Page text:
Spring starts on a chilly note but warmer days may lie ahead

Spring starts on a chilly note but warmer days may lie ahead

MEMPHIS, TN (WMC) - The Vernal Equinox or Spring as most people call it began at 11:15 Tuesday morning and it started on a cloudy, rainy, and very chilly note.

The average high temperature for March 20 is 65 degrees.  The high this Tuesday was 56 but that occurred just after midnight and temperature steadily fell into the mid-40s for the rest of the day.

At 3 p.m. Tuesday the temperature was 44 degrees.  That's more than 20 degrees below the average high for the date and for the first night of spring there were frost advisories and freeze warnings in place.

If cold weather is not your thing then you may like the news coming from the Climate Prediction Center where above average spring temperatures are being forecasted.  Although, the majority of people wait for the Vernal Equinox to signal the start of spring, for meteorologists Spring began March 1 and goes through May 31.

Meteorologists and climatologists break each season down to three month periods. The March, April, and May forecast for a warmer than average spring is based on a couple of key factors.

One factor is based on the weakening of La Nina in the coming weeks. La Nina is the below average cooling of Pacific waters along the equator and we have had just that this past winter.

New sea surface temperature data shows a warming trend taking place reversing La Nina to neutral or average conditions. During this neutral phase, average precipitation and temperatures can be anticipated for the southeastern U.S.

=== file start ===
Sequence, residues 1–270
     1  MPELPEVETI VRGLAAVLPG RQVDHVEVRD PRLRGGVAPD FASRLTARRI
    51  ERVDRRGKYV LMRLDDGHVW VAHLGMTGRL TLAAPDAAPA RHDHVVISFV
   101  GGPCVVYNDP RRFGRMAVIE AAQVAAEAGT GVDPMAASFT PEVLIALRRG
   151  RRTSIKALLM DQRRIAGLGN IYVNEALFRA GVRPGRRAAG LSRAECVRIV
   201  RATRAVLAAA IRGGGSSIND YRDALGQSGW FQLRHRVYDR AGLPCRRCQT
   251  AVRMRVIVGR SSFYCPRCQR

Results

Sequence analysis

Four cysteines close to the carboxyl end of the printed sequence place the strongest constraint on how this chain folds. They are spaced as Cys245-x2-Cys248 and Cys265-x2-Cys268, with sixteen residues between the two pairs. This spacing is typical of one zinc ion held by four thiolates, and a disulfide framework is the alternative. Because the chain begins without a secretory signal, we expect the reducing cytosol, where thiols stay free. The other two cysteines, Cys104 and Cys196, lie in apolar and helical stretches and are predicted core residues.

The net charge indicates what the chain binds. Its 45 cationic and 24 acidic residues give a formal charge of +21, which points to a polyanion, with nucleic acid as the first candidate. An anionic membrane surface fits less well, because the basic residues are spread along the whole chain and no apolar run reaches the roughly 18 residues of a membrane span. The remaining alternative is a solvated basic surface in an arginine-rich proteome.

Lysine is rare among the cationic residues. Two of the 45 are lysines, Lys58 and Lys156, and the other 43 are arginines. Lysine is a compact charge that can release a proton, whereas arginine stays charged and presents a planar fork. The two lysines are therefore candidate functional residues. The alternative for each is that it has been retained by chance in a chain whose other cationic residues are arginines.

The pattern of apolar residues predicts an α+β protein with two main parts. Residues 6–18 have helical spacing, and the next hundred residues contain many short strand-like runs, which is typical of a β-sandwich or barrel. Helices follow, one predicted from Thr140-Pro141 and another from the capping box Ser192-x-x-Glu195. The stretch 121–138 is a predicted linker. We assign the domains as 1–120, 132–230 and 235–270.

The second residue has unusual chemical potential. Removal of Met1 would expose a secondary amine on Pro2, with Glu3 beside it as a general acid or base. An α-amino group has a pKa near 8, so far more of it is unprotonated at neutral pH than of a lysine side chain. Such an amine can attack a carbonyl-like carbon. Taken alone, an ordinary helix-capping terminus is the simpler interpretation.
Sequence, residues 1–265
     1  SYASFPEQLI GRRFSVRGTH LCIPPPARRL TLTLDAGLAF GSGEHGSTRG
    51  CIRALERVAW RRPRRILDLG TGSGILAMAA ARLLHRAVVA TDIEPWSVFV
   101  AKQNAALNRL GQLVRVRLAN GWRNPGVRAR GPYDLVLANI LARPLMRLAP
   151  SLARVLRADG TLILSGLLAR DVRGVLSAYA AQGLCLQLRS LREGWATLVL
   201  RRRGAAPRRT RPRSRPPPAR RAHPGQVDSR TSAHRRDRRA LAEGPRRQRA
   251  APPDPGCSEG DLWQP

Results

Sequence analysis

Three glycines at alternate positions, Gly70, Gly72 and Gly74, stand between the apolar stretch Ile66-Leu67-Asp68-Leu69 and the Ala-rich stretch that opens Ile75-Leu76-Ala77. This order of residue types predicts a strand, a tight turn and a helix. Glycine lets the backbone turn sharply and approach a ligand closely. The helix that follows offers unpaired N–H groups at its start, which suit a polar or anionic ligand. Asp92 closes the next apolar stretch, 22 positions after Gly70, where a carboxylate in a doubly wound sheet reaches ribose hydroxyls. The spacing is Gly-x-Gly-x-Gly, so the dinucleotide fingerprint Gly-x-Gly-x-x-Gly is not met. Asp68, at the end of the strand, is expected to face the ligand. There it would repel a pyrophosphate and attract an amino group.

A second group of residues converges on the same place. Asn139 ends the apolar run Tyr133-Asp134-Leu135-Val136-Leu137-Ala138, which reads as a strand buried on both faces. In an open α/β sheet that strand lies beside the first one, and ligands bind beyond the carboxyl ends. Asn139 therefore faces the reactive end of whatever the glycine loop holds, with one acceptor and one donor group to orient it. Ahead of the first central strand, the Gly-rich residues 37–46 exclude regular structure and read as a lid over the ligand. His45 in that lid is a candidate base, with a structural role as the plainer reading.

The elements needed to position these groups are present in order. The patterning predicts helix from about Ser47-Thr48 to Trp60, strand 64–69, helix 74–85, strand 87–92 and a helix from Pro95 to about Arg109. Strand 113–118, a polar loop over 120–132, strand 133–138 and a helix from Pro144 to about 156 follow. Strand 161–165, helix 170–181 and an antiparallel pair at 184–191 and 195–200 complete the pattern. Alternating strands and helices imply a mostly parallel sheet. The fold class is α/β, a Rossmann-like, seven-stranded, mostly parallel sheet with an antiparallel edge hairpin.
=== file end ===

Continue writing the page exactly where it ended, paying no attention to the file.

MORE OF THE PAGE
However, during the recent La Nina, a drier than average pattern was in place in the southwest and that drier than average pattern would likely continue in a neutral pattern, which is also the second factor of this equation.

A dry ground warms much faster than a wet ground and with air patterns generally moving west to east that would carry that warmer air being radiated into the atmosphere from the dry surface across the southern tier of the U.S.

Because of the very dry conditions that are in place and likely to persist through spring, this would allow for extreme heat to build in the southwest and be carried east.

So, a weakening La Nina and a developing dry pattern could create a much warmer pattern here in the Mid-South and for much of the nation now through the end of May.  We'll be tracking it and keep you posted on what could be a warm spring season.

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